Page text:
Connecting fishing grounds to nursery areas using novel otolith isoscape analysis.

  • Neil Burns (University of Glasgow) (Creator)
  • Charlotte R Hopkins (Contributor)
  • David M. Bailey (Supervisor)
  • Peter J. Wright (Supervisor)



Understanding life stage connectivity is essential to define appropriate spatial scales for fisheries management and develop effective strategies to reduce undersized bycatch. Despite many studies of population structure and connectivity in marine fish, most management units do not reflect biological populations and protection is rarely given to juvenile sources of the fished stock.
Direct, quantitative estimates which link specific fishing grounds to the nursery areas which produced the caught fish are essential to meet these objectives.
We used this dataset to develop a novel continuous-surface otolith microchemistry approach to geolocate whiting (Merlangius merlangus) and infer life stage connectivity to the west of Scotland and in the Irish Sea.
The element data was sampled using Laser Ablation Inductively Coupled Plasma Mass Spectrometry (LA-ICP-MS) and we showed significant connectivity across existing stock boundaries and identify the importance of the Firth of Clyde nursery area. The approach we developed with these data offers fisheries managers the ability to account for the benefits of improved fishing yields derived from spatial protection while minimising revenue loss.

Whiting were collected by bottom trawl from seven sample locations in October 2014 and ten sample locations in March 2015 from across the west coast of the UK. 200 individuals were collected from each sample site (n=100 > 20 cm and n=100 < 20 cm) and stored frozen at -20 °C. Total Length (TL, to nearest mm) was recorded, sex was determined during dissection and both sagittal otoliths removed using ceramic tipped forceps. A TL stratified random sample (38%) of left sagittal otoliths was used for annual age estimation. The 2014 cohort was identified from annual increment counts and otoliths from age-0 (caught in October 2014) and age-1 (caught in March 2015) were used in the analysis.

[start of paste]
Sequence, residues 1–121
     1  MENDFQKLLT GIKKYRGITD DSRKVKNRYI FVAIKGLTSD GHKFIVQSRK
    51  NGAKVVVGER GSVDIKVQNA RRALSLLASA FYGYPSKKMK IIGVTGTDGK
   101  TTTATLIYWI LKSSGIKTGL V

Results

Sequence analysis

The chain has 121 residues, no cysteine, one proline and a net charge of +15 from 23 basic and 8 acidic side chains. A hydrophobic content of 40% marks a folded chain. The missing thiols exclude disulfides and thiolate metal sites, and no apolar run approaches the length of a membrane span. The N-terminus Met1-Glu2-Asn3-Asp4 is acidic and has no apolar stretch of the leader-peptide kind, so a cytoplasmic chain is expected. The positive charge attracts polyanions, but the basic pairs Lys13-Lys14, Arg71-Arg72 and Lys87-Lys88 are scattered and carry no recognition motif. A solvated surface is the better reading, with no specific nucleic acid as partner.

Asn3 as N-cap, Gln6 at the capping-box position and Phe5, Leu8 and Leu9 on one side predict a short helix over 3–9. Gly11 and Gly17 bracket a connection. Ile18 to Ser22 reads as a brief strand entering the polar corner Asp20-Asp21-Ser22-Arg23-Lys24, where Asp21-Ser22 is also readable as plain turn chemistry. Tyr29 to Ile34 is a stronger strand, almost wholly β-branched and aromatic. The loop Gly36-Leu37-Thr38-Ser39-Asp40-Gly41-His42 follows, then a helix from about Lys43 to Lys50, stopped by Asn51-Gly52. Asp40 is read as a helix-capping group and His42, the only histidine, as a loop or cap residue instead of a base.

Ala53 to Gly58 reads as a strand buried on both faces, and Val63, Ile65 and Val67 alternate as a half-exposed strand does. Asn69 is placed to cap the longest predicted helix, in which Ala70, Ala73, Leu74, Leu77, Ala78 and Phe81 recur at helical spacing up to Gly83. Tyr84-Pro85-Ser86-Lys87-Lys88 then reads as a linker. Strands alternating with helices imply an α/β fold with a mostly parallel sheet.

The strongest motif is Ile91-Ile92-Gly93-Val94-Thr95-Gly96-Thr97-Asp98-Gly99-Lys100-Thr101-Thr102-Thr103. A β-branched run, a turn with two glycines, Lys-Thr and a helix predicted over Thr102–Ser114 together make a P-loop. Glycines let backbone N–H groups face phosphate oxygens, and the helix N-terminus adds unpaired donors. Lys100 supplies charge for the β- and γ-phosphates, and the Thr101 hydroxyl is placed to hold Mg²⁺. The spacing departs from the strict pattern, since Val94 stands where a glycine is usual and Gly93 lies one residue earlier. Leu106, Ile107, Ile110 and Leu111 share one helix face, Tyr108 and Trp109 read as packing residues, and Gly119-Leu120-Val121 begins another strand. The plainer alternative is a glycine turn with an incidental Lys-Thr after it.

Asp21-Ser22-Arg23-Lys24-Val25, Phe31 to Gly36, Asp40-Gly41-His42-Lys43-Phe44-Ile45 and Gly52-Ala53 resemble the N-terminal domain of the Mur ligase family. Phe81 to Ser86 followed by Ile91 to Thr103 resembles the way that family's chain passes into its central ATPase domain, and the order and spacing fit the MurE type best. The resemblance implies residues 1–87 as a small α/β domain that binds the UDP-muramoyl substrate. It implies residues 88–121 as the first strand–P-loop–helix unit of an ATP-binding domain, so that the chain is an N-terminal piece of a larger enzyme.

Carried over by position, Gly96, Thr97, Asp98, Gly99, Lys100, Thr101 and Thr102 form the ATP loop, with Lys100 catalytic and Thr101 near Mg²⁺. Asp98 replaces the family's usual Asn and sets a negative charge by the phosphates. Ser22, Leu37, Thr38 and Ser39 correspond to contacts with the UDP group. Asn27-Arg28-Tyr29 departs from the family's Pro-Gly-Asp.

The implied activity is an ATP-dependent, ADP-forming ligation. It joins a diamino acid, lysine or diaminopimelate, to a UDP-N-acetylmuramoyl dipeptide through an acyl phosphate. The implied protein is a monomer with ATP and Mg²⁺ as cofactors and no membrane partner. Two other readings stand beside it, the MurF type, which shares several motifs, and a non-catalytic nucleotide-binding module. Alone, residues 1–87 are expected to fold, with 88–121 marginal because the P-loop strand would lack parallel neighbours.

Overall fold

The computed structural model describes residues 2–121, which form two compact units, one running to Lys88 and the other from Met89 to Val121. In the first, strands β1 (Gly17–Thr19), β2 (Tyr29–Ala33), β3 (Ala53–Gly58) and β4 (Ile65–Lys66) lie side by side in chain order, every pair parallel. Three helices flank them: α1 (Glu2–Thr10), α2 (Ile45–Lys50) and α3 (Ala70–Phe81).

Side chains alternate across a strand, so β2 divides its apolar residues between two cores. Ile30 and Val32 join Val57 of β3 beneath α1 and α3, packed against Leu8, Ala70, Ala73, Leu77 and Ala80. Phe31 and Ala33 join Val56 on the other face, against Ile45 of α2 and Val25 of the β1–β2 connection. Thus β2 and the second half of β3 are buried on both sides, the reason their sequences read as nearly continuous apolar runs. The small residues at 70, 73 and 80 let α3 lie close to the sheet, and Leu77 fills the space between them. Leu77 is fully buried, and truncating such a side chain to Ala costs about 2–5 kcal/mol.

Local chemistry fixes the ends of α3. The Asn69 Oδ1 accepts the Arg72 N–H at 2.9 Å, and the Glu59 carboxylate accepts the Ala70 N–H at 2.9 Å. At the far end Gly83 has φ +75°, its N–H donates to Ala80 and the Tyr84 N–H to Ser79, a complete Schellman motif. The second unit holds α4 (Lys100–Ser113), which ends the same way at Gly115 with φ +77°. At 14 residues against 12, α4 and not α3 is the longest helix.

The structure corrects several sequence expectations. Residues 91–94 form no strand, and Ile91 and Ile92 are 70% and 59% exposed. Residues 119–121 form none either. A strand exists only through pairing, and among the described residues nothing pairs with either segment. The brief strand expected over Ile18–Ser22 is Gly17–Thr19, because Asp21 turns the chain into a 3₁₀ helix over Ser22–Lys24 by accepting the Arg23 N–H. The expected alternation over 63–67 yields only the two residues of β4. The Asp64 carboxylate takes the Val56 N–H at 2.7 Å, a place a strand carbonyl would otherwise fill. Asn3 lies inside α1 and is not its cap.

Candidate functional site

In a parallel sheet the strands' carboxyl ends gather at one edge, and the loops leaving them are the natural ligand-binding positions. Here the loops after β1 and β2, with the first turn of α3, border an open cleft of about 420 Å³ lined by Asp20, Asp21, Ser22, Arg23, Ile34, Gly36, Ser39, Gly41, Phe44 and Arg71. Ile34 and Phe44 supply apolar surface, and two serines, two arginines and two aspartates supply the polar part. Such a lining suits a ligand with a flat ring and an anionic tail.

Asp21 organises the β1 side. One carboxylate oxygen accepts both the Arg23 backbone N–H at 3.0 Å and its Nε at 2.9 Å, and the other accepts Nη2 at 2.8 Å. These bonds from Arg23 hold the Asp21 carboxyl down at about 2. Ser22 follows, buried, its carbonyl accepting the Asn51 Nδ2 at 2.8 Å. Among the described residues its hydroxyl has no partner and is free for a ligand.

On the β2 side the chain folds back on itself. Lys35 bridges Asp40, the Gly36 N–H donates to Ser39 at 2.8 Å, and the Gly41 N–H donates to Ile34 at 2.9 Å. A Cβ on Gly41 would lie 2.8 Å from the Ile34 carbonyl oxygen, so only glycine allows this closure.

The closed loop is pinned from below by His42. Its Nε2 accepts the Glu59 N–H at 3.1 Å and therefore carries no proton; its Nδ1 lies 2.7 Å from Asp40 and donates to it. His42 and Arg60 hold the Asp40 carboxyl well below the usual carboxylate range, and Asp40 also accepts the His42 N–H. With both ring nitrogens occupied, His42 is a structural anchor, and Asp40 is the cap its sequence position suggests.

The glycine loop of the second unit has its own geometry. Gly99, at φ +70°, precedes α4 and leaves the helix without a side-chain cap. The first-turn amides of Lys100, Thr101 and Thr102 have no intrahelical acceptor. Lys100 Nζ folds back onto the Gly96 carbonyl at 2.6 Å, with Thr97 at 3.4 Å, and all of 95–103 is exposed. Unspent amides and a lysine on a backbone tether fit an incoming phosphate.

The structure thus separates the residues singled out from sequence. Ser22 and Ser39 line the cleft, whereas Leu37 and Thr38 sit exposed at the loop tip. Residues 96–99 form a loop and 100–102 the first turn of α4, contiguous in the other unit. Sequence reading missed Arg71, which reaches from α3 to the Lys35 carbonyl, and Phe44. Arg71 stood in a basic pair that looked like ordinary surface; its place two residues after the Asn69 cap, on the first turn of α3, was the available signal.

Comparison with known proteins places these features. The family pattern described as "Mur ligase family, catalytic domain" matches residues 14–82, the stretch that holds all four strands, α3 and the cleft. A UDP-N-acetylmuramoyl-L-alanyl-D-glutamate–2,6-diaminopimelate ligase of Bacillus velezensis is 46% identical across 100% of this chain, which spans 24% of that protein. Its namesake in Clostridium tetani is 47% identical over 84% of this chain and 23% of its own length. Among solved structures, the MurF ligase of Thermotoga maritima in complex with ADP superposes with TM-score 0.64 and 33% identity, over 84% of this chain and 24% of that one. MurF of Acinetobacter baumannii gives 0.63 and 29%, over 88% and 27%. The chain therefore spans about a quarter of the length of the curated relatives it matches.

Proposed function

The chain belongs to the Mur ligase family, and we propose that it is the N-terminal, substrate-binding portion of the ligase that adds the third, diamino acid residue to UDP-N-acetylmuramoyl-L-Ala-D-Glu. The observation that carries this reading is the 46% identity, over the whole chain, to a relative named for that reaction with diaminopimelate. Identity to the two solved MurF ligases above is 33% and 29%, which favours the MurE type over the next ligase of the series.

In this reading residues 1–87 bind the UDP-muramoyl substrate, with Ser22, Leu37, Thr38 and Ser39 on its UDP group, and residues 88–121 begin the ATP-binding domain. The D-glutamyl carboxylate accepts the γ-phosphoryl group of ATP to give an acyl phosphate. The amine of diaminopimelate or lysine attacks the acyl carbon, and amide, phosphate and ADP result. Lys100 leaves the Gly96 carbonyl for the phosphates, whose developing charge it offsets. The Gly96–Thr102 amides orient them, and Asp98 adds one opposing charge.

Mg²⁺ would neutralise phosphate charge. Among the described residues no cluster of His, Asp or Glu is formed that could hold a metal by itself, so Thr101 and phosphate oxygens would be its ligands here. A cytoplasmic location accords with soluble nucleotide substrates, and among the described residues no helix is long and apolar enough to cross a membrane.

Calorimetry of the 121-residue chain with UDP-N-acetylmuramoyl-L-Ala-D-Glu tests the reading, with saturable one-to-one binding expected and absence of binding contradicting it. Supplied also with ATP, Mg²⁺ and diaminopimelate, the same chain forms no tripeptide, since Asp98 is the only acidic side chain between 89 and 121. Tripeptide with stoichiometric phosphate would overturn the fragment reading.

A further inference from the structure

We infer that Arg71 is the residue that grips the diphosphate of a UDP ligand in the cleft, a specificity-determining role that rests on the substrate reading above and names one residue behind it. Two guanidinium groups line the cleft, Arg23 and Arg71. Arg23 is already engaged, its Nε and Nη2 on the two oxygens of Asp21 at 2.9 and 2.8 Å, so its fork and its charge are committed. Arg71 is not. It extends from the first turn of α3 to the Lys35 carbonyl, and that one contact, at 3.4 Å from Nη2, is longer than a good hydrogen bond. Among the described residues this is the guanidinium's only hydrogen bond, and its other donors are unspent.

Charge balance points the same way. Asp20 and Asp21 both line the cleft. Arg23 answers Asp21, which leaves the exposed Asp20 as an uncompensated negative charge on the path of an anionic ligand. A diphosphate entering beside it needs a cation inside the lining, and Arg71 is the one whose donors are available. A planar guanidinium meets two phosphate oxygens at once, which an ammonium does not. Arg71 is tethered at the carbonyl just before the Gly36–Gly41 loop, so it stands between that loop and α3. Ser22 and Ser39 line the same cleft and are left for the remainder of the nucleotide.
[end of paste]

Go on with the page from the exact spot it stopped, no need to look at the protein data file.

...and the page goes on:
Ceramic tipped forceps were used to handle right sagittae under laminar flow conditions and the otoliths were placed in Elga ultra-pure (>18 M·cm) water and decontaminated in a series of three sonification steps.
All equipment was washed in 10% nitric acid solution before use. The right otolith from each pair was mounted (in a random order to prevent sample batch bias) in Araldite resin (Araldite CY212, Agar Scientific) and sectioned axially to create wafer sections (300 µm) which included the cores.

Element composition was analysed using a PerkinElmer Elan DRCII+ ICP-MS (PerkinElmer, Buckinghamshire, UK) equipped with a New Wave Research UP213 laser ablation system (LA-ICP-MS), using helium gas (flow = 0.8 L/min) as the carrier and argon plasma (flow = 0.75 L/min).
The presence of 18 element isotopes (7Li, 23Na, 24Mg, 27Al, 31P, 44Ca, 45Sc, 47Ti, 52Cr, 55Mn, 60Ni, 65Cu, 66Zn, 85Rb, 88Sr, 89Y, 138Ba, 208Pb) were analysed. Pre-ablation transects (100 µm wide) were run in order to decontaminate the surface before a series of 55 µm diameter pits were sampled for a dwell time of 20 sec (~50 µm deep) from the core to the edge of each otolith (6 for age-0 and 12 for age-1).
The laser wavelength was 213 nm and pits were ablated at a shot frequency of 10 Hz. At the beginning of each experimental run and after each otolith was sampled, a helium gas blank, NIST and MACS (NIST 612; National Institute of Standards and Technology and MACS 3; United States Geological Survey) ablation were also taken for calibration and instrument drift correction.

Blank subtracted count data were gathered for each ablated pit and converted to element concentrations (ppm) by manual calculation using Ca as the internal standard. The calculated ratios, using the internal standardisation equation, compensated for variation in analyte yield between samples and standards.
Mean percent relative standard deviations (% RSD) calculated for MACS 3 carbonate standard during the analyses were 8.11 (Li), 7.76 (Na), 25.46 (Mg), 21.40 (Al), 13.88 (P), 15.41 (Sc), 23.64 (Ti), 8.74 (Cr), 12.41 (Mn), 11.64 (Ni), 9.07 (Cu), 206.88 (Zn), 78.81 (Rb), 10.04 (Sr), 13.8 (Y), 18.61 (Ba), 25.7 (Pb).
Mean percent relative standard deviations (% RSD) calculated for NIST 612 standard glass were <0.001 (Li), 17.31 (Na), 7.94 (Mg), 12.06 (Al), 13.88 (P), 31.55 (Sc), 15.58 (Ti), 8.62 (Cr), 6.38 (Mn), 5.73 (Ni), 6.12 (Cu), 6.71 (Zn), 78.81 (Rb), 17.83 (Sr), 6.10 (Y), 12.15 (Ba), 8.47 (Pb). All elements are expressed as concentrations.
Date made available28 Jul 2020
PublisherUniversity of Glasgow
Temporal coverageOct 2014 - Mar 2015
Date of data production2020
Geographical coverageWaters off Scottish West Coast and Irish Sea

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